They’re still a 4+ billion dollar company. They can take a couple of million dollars out
from between the cushions of their couch and launch this company and just say,
‘We’ll throw a couple of million at you and here’s our goals.’
We cannot squander talent, who demonstrate ingenuity and a stellar work ethic, by
focusing solely on shareholder’s bottom-line dollars and not investing in the quality of
people’s lives. Peter Drucker, the business visionary, when asked by David Cooperrider at
Case Western Reserve University’s Weatherhead School of Management “Can social
responsibility also be profitable?” replies:
It’s not whether social responsibility can be profitable to business he said, but rather
how profitable business can make social responsibility. That day, he (Peter Drucker)
declared to me something we should all remember: ‘Every single social and global
issue of our day is a business opportunity in disguise” (Copperrider, 2008, p. 32).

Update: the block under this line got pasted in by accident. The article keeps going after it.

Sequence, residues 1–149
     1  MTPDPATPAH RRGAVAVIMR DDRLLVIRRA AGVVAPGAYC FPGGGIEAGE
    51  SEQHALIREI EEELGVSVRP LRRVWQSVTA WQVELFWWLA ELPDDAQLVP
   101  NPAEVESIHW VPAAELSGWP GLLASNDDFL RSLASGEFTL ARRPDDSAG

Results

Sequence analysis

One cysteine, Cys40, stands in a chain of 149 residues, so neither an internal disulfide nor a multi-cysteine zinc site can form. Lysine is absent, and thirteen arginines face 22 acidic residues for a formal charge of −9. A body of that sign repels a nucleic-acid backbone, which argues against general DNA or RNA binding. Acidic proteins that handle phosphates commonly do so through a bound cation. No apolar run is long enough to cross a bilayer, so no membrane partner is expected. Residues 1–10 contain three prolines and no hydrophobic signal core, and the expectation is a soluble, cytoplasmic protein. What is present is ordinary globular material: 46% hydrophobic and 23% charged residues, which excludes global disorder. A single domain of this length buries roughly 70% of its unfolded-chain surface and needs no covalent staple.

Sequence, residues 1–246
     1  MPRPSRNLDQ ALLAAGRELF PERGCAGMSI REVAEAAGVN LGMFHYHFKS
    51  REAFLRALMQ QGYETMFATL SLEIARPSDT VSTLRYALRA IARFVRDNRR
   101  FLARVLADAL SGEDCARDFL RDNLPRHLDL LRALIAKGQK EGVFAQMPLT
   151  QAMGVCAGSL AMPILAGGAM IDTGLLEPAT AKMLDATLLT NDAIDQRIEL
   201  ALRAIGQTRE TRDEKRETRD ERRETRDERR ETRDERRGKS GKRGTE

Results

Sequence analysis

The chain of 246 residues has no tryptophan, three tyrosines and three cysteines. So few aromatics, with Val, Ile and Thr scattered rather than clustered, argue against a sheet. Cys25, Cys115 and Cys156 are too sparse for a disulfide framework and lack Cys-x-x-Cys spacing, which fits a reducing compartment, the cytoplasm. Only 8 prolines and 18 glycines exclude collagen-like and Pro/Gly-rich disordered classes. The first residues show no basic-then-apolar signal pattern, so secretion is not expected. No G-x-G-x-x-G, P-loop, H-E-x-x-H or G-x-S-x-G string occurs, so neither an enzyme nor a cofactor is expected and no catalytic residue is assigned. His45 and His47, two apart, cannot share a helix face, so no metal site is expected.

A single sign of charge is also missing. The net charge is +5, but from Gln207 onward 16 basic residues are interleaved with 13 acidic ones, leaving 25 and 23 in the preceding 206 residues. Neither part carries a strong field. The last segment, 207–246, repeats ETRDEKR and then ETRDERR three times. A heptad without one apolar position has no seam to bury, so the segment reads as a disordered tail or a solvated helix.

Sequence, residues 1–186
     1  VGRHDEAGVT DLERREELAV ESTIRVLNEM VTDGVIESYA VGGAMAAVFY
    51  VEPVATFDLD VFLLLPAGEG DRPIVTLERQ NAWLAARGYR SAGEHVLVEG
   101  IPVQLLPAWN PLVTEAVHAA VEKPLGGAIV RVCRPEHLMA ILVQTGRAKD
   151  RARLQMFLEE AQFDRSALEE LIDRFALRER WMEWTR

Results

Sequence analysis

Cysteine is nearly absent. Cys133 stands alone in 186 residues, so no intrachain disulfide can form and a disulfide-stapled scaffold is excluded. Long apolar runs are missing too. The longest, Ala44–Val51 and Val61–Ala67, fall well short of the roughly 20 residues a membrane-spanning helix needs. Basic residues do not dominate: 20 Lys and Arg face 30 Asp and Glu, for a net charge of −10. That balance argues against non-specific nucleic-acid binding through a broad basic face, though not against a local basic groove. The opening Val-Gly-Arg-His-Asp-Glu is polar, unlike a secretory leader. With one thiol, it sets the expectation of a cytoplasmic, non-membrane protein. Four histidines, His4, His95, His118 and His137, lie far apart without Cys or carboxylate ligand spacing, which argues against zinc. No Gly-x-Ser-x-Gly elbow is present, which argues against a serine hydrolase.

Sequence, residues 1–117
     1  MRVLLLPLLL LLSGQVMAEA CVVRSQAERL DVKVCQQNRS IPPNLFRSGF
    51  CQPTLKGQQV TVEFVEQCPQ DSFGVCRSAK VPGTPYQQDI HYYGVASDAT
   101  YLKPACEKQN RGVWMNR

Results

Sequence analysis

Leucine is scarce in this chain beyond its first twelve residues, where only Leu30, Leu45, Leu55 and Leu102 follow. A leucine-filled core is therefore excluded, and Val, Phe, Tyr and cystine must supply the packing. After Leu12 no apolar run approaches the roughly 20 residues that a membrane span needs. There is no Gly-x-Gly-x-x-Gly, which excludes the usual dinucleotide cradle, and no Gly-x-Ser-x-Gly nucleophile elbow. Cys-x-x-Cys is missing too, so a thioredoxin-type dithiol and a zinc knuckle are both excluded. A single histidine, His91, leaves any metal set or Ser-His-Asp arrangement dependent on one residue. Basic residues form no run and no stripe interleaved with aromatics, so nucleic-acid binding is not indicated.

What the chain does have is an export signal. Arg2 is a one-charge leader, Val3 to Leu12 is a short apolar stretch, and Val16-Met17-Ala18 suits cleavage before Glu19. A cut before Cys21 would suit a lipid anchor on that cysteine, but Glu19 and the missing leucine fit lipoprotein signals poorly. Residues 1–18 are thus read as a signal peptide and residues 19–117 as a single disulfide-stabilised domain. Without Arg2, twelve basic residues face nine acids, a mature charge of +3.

The companies that people want to work for, one’s that address quality of life concerns,
are profitable because the turnover is not as high and less money is spent on recruiting
talent. A healthy employee base has the capacity to generate to a more progressive,
future-forward work outlook.
In Search of More Relational Moments
In a series in the Harvard Business Review, “Bringing Your Whole Self to Work,” there are
many articles focusing on the debilitating hardship placed on workers challenged with burn
out, stress overload, media diets of bad news, toxic worry, sleep deficits, and unrelenting
work loads.
Toxic worry is an examination of how we are losing human or relational moments. Edward
Hallowell, a psychiatrist treating anxiety disorders, has been working with businesspeople
for 20+ years warns of the consequences of overindulging in technology, isolating, and
moving away from human moments. Hallowell emphasizes, “The human moment has two
prerequisites: people’s physical presence and their emotional and intellectual attention”
(Hallowell, 2008, p. 26).
Hallowell is suggesting that the disappearance of human moments is altering the brains
chemistry as we get swallowed up by synthetic moments of virtual answering machines,
ATMs, voice mails, emails, texts, etc. Everyone has the experience of getting stuck in the
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